Younger Russians are dissatisfied with the regime but are generally apolitical. Here’s how to change that.
From Belarus to Kyrgyzstan to Ukraine, the popular uprisings that have swept the post-Soviet world in the last two decades have had one feature in common: high levels of participation among millennials (born between 1981 and 1996) and Generation Z (1997 and 2012).
In some ways, it appears that Russia’s young people may be next. According to polling, in the last couple of years, younger Russians have become the group most dissatisfied with Russia’s political system. But the obstacles that have so far kept the country’s millennials and Gen Zers from reforming the system remain.
For one, there’s the sheer size of the younger generations, which, thanks to decades of low birth rates, constitute a small minority within Russian society. There simply may not be enough young people to successfully push for fundamental change. Second, many younger Russians refrain from actively participating in politics and only grow more politically engaged as they enter their early 30s.
Yet the youth need not despair. Findings from our new study conducted with the Levada Center, an independent survey company, suggest ways in which the United States could help boost higher civic and political engagement in these age cohorts—and, in turn, help them play a similar role as in Russia’s neighboring countries.
Several years ago, it was commonplace for concerned observers to portray younger Russians, who showed no inclination for challenging Vladimir Putin’s rule, as anti-democratic, deeply conservative, and unprepared to fight for a more open future. Yet today, Russians aged 16-34 are the most entrepreneurial, pro-Western, and tolerant cohort in the country. They also hold less paternalisticattitudes than the rest of the population, and the number of Russians below the age of 25 who prioritize human rights is almost twice as high as the number of those who prioritize state interests. The opposite is true among older Russians.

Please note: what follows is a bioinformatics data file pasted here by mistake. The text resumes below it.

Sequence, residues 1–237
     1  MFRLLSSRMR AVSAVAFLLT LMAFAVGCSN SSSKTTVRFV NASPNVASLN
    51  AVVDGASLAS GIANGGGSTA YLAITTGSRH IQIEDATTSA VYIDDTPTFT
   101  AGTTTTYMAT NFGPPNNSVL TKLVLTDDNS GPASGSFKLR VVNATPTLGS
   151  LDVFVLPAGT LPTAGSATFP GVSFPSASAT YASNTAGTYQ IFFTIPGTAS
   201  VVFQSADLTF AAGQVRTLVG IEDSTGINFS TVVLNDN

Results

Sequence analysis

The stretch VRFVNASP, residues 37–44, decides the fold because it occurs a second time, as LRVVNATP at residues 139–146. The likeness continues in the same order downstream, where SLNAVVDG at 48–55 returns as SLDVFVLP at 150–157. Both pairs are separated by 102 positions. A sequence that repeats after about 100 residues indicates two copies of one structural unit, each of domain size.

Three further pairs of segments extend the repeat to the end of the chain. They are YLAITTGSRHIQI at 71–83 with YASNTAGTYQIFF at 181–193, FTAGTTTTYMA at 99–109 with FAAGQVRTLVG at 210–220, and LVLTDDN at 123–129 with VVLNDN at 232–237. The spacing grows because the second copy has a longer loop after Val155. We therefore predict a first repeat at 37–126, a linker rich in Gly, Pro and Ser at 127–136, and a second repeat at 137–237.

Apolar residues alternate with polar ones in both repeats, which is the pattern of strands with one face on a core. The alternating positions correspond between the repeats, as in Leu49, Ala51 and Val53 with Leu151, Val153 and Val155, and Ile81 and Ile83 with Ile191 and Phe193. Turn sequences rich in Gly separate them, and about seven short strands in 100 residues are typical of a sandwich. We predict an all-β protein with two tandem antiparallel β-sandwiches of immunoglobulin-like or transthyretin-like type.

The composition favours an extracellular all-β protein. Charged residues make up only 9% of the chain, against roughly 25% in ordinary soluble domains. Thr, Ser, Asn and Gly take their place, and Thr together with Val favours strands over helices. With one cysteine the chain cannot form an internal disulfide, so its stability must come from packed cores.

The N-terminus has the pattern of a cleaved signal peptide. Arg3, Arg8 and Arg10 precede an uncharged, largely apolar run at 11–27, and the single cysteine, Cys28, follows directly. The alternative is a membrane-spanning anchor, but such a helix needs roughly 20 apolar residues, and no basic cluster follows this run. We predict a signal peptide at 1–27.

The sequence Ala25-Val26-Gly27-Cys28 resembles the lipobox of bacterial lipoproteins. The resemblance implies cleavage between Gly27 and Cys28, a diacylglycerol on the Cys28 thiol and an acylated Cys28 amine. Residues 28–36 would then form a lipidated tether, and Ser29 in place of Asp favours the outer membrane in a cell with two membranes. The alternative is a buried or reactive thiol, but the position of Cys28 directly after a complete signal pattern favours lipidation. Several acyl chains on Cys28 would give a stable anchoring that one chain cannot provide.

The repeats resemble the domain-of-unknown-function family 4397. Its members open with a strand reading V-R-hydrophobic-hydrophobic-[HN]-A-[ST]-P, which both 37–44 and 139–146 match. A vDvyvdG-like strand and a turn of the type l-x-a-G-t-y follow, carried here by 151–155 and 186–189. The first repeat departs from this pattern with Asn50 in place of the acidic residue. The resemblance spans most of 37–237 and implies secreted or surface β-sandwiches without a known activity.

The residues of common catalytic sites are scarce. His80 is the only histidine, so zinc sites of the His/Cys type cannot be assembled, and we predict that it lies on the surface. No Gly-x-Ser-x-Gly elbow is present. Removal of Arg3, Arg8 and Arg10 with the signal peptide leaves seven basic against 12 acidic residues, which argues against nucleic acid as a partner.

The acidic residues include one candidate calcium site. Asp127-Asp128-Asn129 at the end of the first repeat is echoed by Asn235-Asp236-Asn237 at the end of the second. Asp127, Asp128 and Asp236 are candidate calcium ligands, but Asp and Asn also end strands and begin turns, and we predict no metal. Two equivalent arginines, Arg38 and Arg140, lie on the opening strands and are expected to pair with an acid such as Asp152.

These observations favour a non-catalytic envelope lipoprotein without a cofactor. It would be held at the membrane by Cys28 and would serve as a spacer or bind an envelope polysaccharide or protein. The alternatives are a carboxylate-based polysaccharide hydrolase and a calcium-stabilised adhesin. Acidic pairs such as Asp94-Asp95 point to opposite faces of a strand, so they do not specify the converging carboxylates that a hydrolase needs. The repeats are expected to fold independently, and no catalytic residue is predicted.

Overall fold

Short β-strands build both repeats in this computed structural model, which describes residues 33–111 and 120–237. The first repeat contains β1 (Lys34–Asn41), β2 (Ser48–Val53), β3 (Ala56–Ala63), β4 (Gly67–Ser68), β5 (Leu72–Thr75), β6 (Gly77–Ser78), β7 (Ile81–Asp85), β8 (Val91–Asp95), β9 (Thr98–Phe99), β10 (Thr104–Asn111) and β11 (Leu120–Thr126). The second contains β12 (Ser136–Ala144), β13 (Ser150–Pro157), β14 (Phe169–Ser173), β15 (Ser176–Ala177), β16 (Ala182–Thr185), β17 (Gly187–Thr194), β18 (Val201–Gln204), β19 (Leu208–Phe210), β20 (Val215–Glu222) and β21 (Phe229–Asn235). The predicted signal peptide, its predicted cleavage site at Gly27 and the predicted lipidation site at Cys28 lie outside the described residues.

Younger Russians are also among the most opposition-minded groups in Russia. A steady decline in living standards has affected support for the authorities among all Russians, and it isn’t hard to see why. Real incomes in Russia declined every year between 2014 and 2018, when the Russian Federal State Statistic Service changed the methodology for income reporting. In 2020, real incomes experienced the biggest drop they have seen in the last 20 years due to the pandemic-induced economic crisis. That, combined with an unpopular hike in the retirement age in 2018, has diminished Russians’ faith in their country’s political leaders.
The lack of support is most pronounced among younger citizens. In June and July polling, 18- to 24-year-olds were the group most critical of Putin’s rule (49-50 percent disapproved). And in a July study, 62 percent of 18- to 24-year-olds thoughtthat Russia was heading in the wrong direction (as opposed to an average of 40 percent across other ages). According to the study, only 7 percent of young Russians named Putin among politicians they trust (as opposed to 23 percent of the population on average). And in August, only 23 percent of 18- to 24-year-olds and 31 percent of 25- to 39-year-olds surveyed said they would vote for Putin if the elections were to take place the next Sunday, as compared with 40 percent of the population in general.
Based on focus group discussions, younger and older Russians seem to share many of the same reasons for their dissatisfaction. These include concerns about Russia’s economic problems and the country’s future. However, there are age-specific issues, too, having mostly to do with younger Russians’ different media habits. In particular, younger Russians are more exposed to the internet and social networks. YouTube, for example, has provided a massive podium to new public figures, such as the independent journalist and popular video blogger Yuri Dud, and independent politicians including Alexei Navalny.
Because of their access to outside sources of information, younger Russians appear less vulnerable to Kremlin TV propaganda. Younger Russians are more positive toward the United States, which is constantly bedeviled by Russian state-controlled TV channels. Older, TV-dependent Russians (aged 55 and above) are less so. Younger Russians complain more often about restrictions on the internet and popular communications apps like Telegram. They are opposed to the criminal charges that can be waged for reposts and retweets deemed critical of Putin, and they have criticized the growing brutality of the authorities, such as the crackdown on Moscow protesters in the summer of 2019. In focus groups at the end of last summer, young residents from big cities repeatedly mentioned the case of Daria Sosnovskaya, a young woman who was deliberately punched in the stomach by a police officer at one protest. One of the videos that captured this moment gathered over 700,000 views on YouTube.
Added together, increasing internet penetration and rising opposition to the authorities among younger Russians could chip away at Putin’s power over the long term.